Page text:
TLP 0.7 was released recently, bringing an option which allows setting the minimum and maximum Intel P-state performance, better ThinkPad support and various other changes and bug fixes.
For those not familiar with TLP, this is an advanced power management tool that applies various settings and tweaks to help your laptop save battery power. The app tries to do everything automatically, depending on your Linux distribution and hardware (it runs in the background and doesn’t come with a GUI) however, you can manually change its settings by editing the TLP configuration file: /etc/default/tlp
The most important new feature in this TLP release is the addition of an option which allows defining the minimum and maximum P-state performance for Intel Core processors (values are stated as a percentage of the total available processor performance), intended to limit the power dissipation of the CPU (feature implemented by Pali Rohár
). According to Thomas Koch, the TLP developer, this should be more effective than limiting frequencies.
This feature requires an Intel SandyBridge or newer CPU with “intel_pstate
” scaling driver enabled.
To use this, in the TLP configuration file (/etc/default/tlp), uncomment the following lines (remove the “#”):
… and experiment with different values to see which suits your needs best. After making changes to the TLP configuration file, restart TLP by running “sudo tlp start”.
Other changes in the latest TLP 0.7 include:
- USB_DRIVER_BLACKLIST: exclude devices assigned to the listed drivers from USB autosuspend; default: usbhid;
- USB_BLACKLIST_WWAN: match internal driver list instead of USB vendor ids;
- USB_WHITELIST: include devices into USB autosuspend even if already excluded by the driver or WWAN blacklists;
- radio devices: DEVICES_TO_ENABLE_ON_AC/DISABLE_ON_BAT/DISABLE_ON_BAT_NOT_IN_USE: enable/disable radio devices upon change of power source (excluding connected devices) (feature implemented by Pali Rohár);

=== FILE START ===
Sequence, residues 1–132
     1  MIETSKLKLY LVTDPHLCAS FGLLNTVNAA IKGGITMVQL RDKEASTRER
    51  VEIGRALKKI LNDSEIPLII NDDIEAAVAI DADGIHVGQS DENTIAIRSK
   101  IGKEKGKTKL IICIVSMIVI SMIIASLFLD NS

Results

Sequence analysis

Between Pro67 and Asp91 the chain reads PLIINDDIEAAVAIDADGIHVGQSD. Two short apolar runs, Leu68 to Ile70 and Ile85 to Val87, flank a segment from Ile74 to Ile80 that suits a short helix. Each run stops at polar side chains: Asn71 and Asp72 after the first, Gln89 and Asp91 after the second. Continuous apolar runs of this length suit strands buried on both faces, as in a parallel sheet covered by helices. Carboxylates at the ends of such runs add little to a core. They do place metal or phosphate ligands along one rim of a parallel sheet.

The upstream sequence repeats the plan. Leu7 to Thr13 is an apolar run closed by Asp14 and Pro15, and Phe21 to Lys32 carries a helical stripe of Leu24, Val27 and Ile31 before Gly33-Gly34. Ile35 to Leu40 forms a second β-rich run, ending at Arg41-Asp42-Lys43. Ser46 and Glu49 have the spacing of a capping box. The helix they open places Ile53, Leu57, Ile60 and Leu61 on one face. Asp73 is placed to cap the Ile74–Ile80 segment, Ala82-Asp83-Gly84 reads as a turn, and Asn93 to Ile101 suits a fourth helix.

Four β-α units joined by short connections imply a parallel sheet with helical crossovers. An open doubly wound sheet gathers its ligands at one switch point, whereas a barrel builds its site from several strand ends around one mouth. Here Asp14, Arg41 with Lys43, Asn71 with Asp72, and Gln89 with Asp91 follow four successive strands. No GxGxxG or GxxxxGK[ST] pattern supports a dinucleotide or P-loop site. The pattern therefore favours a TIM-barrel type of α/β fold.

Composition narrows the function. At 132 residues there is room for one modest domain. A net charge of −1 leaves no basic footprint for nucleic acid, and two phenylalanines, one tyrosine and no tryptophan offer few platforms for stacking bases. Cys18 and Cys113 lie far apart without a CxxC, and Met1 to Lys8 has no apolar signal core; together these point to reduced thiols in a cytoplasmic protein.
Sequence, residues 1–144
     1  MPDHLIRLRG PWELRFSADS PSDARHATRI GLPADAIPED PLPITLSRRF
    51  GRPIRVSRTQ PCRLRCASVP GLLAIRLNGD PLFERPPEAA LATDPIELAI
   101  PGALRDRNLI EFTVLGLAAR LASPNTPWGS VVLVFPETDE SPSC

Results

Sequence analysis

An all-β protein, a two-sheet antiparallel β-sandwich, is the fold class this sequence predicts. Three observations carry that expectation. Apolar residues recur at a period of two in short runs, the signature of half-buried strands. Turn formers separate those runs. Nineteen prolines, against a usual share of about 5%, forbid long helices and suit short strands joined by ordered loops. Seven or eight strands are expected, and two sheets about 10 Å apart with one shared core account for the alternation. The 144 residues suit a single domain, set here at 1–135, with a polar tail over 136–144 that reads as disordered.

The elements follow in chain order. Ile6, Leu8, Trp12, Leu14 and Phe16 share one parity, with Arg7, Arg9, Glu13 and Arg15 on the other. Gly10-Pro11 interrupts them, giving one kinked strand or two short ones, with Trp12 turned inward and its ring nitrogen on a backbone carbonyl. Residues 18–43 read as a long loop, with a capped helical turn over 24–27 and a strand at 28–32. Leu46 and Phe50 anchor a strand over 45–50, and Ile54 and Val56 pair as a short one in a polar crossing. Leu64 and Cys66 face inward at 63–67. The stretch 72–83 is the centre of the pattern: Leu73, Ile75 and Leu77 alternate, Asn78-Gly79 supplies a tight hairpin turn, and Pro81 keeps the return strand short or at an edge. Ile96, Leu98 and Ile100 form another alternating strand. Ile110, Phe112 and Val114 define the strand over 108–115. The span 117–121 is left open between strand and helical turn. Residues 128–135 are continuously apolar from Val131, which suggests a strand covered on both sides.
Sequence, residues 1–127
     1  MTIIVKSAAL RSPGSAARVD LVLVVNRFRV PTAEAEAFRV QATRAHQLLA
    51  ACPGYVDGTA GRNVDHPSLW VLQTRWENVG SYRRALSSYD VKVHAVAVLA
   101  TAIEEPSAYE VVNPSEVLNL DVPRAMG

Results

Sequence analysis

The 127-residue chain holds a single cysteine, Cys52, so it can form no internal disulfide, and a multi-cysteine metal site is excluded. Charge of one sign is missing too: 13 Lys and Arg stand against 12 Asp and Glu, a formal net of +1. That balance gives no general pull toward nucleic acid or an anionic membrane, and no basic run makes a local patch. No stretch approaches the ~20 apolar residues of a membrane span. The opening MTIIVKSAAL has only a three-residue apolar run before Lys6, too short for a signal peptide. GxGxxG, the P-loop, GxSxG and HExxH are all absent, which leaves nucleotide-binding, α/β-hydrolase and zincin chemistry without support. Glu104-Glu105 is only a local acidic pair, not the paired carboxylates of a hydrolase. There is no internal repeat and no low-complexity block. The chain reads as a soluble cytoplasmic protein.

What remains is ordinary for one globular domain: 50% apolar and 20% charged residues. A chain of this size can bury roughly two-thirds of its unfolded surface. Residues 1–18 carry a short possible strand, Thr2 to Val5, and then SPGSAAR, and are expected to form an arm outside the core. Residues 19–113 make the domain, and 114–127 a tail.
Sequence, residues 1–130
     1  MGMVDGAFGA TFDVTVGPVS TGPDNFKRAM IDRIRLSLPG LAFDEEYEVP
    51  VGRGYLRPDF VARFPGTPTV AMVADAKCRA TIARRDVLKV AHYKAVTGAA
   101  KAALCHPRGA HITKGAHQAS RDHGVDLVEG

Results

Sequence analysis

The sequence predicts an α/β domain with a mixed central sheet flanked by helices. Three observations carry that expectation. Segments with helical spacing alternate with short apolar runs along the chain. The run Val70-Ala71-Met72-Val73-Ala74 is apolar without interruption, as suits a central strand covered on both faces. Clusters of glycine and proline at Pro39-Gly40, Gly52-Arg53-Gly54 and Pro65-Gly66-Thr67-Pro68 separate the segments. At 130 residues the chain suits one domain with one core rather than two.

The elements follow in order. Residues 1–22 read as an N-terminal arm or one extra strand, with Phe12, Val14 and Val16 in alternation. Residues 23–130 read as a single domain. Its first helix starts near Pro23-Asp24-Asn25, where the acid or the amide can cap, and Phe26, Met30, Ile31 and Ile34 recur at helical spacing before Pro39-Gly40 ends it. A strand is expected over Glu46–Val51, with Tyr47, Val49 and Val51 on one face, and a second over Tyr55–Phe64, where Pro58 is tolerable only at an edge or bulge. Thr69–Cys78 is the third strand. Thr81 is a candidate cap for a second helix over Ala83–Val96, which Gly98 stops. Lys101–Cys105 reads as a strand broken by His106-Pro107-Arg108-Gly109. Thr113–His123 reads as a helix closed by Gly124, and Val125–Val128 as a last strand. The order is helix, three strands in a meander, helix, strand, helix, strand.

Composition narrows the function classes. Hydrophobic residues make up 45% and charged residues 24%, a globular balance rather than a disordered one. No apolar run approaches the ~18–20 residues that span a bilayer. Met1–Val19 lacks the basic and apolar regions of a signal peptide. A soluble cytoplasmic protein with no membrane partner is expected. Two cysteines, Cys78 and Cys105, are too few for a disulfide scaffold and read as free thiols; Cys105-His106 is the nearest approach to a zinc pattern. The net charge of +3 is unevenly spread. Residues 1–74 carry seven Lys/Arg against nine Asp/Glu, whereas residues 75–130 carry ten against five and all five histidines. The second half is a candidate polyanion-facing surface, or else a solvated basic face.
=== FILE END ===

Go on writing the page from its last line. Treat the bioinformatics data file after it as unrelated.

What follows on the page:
- ThinkPad Battery:
- provide proper return codes for all battery functions;
- setcharge allowed on battery power;
- do not activate new thresholds with force_discharge anymore (tp-smapi);
- tpacpi-bat: support for ThinkPad E325 charge thresholds;
- new options: -d|–disk, -e|–pcie, -p|–processor, -s|–system, -u|–usb;
- show driver and connection state for all enabled radio devices;
- show driver name in Runtime PM PCI(e) device list;
- show type and state of docks and device bays;
- show type of init system;
- check if TLP’s systemd services are enabled;
- RUNTIME_PM_DRIVER_BLACKLIST: exclude PCI(e) devices assigned to drivers;
- support Dell Latitude docks (feature implemented by Pali Rohár);
- added support for NM 0.9.10;
- set performance versus energy savings policy (performance, normal, powersave – requires kernel modules msr and x86_energy_perf_policy from linux-tools);
- fixed dock/undock event processing for ThinkPad Adv Mini Dock and Ultrabase;
- use a more robust USB device event processing.
Install TLP in Ubuntu / Linux Mint
To avoid any conflicts with laptop-mode-tools, a tool similar to TLP, it’s recommended to remove it before installing TLP. In Ubuntu / Debian / Linux Mint, remove laptop-mode-tools using the following command:
sudo apt-get purge laptop-mode-tools
Ubuntu (14.10, 14.04 and 12.04) / Linux Mint (17.1, 17 and 13) users can install TLP by using its official PPA. Add the PPA and install the latest TLP by using the following commands:
sudo add-apt-repository ppa:linrunner/tlp
sudo apt-get update
sudo apt-get install tlp
TLP will start automatically but to avoid having to restart the system, the first time you can start it manually, by using the following command:
sudo tlp start
There are also some optional packages you can install – for more on that as well as more information about TLP, see: Improve Power Usage / Battery Life In Linux With TLP. Also see the TLP FAQ.
For how to install TLP in Fedora, Debian, Arch Linux or Gentoo, see the TLP installation page.
To download the source code, report bugs, etc., see the TLP GitHub page
Thanks to Thomas for the tip! image via Canonical blog